British car sales drop for second year in a row
According to the Society of Motor Manufacturers and Traders (SMMT), 2.36 million new cars were marked down in 2018 by seven per cent on the previous year.
Car sales have fallen for the second year in a row, with diesel cars plummeting by 30 per cent as customers are worried about their future restrictions.
Sadly, because diesel cars produce less CO2 than an average petrol car, this drop has supposedly contributed to a three per cent rise in the average emissions produced by cars in 2018.
Far bigger cars were bought last year, particularly SUVs, which also contributed to the rise. Diesel cars produce higher levels of microscopic bits left behind, including soot in the combustion process.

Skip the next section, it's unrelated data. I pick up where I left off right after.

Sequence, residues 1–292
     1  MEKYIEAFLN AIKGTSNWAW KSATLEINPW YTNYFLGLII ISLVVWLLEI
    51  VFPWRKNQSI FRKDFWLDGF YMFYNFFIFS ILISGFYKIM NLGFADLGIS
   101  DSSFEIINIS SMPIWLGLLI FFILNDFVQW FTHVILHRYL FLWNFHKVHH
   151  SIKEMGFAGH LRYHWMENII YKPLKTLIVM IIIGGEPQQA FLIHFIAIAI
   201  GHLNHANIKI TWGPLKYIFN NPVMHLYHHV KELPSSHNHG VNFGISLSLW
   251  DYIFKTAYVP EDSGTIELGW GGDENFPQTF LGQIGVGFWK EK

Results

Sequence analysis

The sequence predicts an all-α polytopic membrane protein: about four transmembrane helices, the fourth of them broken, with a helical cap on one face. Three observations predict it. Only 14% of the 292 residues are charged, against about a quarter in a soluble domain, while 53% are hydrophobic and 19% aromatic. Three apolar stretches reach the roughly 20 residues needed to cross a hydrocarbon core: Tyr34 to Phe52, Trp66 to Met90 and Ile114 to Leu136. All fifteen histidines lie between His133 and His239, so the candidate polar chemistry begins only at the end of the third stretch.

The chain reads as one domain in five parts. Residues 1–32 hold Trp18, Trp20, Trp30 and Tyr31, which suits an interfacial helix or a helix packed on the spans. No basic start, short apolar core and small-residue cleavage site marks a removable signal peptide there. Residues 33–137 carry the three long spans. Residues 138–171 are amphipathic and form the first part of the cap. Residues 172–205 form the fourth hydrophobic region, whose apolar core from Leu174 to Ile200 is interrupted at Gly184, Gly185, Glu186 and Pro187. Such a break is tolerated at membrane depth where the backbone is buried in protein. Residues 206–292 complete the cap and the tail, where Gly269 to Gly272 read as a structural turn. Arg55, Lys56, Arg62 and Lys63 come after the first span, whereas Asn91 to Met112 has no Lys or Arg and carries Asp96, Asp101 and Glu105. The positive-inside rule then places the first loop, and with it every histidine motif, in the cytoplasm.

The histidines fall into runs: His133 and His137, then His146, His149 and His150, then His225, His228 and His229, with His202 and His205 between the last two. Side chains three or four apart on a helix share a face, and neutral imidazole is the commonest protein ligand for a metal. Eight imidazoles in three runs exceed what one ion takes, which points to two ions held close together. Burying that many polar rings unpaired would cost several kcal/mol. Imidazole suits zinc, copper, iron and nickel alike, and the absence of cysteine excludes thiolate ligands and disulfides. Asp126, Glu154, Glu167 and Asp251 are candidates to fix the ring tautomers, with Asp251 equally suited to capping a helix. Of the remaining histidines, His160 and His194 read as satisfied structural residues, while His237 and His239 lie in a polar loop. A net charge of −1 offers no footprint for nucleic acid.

But SMMT’s chief executive, Mike Hawes believes the customer has been put off entirely when faced with buying a new car.
He said: “What we have been seeing over the last couple of years is a decline in business and consumer confidence, especially the confidence to buy big ticket items like a new car.”
The SMMT blamed 2018’s fall in cars sales on Brexit uncertainty, as well as a shortage in supply of some vehicles because of emission testing schemes.
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